“We call it a ‘Bro-sé’,” said Sauvage, pouring samples while hosting guests in the spacious winery where shiny tanks line one wall and oak barrels another.
The effervescent wines are unoaked; the barrels are for the Domaine Sauvage Red Blend, the as-yet only still wine being sold.
There also is a pet-nat, a popular style of what’s likely the oldest method for making sparkling wine: unfiltered, naturally fermented-in-the-bottle. A layer of yeasty sediment lies at the bottom of each bottle and Sauvage showed guests Tom and Patricia Meschino of San Diego how to upend and slowly twirl the unopened bottle to mix the cloud of lees.
This imparts a yeasty richness and unfiltered obscurity to the wine, with flavors of tropical fruit sliding into notes of watermelon, grapefruit and raw cashews.
Sauvage has managed vineyards and cultivated grapes in the valley since 2006 and for the past decade or so has focused on winter-hardy varieties such as Verona, Petit Pearl, Vignole, Aromella, among many others.
These are hybrids, painstakingly bred to develop the desirable flavors of one parent (often a European vinifera) with the American native labrusca grape’s ability to withstand extremely cold winters.
“I know how well some of these American grapes will do here,” Sauvage said. “You have to balance the grape growing and the winemaking with the product, and I think Patric and I have a terrific product.”
“Now that Kaibab has exposed me to these American grapes, I really understand what they are capable of,” he said. “They make some really fine wine.”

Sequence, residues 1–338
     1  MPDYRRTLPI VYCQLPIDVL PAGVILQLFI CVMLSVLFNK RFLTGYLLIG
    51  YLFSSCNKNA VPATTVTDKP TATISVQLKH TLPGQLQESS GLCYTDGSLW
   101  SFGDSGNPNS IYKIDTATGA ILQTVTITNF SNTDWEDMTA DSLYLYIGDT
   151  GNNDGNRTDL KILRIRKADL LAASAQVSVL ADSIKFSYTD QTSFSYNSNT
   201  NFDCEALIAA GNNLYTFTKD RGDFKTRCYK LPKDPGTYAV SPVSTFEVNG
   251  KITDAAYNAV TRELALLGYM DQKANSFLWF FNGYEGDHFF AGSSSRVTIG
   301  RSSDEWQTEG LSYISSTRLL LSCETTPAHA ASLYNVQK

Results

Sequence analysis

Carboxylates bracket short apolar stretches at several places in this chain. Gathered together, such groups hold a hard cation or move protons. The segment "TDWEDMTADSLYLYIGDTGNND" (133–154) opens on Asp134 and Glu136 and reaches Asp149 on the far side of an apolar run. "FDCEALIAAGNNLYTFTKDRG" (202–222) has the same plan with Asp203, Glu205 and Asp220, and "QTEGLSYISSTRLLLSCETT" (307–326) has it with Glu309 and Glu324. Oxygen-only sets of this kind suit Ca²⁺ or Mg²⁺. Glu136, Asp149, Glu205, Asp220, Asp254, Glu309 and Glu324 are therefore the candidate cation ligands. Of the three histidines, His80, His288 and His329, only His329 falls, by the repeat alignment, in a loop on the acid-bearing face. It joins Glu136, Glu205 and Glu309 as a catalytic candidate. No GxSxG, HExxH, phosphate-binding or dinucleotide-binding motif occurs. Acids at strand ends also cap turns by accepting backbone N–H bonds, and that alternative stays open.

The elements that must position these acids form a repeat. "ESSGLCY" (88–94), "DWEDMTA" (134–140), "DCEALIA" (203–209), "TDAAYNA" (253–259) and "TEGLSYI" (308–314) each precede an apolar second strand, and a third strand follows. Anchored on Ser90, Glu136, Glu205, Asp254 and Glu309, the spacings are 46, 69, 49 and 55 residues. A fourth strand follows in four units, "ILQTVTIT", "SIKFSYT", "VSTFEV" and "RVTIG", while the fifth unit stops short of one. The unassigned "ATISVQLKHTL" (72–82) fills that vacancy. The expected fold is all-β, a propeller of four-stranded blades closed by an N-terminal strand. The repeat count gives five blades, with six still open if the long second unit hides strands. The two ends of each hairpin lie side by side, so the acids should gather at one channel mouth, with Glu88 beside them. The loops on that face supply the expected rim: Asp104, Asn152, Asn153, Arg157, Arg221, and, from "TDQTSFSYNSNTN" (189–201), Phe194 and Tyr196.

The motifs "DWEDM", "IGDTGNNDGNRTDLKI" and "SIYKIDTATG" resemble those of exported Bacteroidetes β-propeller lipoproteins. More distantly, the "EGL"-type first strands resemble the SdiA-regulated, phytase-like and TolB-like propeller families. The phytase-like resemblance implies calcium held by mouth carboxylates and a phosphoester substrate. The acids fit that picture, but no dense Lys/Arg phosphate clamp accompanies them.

Matysiewski uses the many contacts he made while working the Front Range wine market to develop a market for the Sauvage Spectrum wines.
COVID-19 made the spring a difficult time to enter the market, but Matysiewski’s experience paid off.
“Bars and restaurants don’t necessarily want to bring in a new product right now, they want to stay with the tried-and-true,” he said. “But if they tasted our wine, it was pretty much an instant acceptance.”
A key addition to the winery, more attitude than alcohol, was Patina the Bubble Bus, a 1959 International Metro stand-up delivery truck Sauvage and friends retrieved from an early grave in a nearby vineyard.
It doesn’t run, has no brakes or windshield and decidedly shows years of neglect. And that’s the point.
“I don’t think Kaibab traded much more than a case of beer for it,” recalled Matysiewski. “He towed it out of a field with a backhoe. Once it was here we cut a hole in it, pressure washed it and it’s as good as new. We don’t want to lose the attitude.”
At some point Patina may become a bar for the outdoor seating area, but that’s going to take more bandwidth than is available at the moment.
He’s still hands-on overseeing his vineyard management business Colorado Vineyard Specialists LLC, developing grapes cultivars to fit the area’s growing conditions, building a brand, finding the right markets, the list goes on.
“And winemaking, don’t forget that, although Patric does most of it now,” Sauvage reminded a listener.”I guess that sounds like a lot, doesn’t it? But that’s our story.”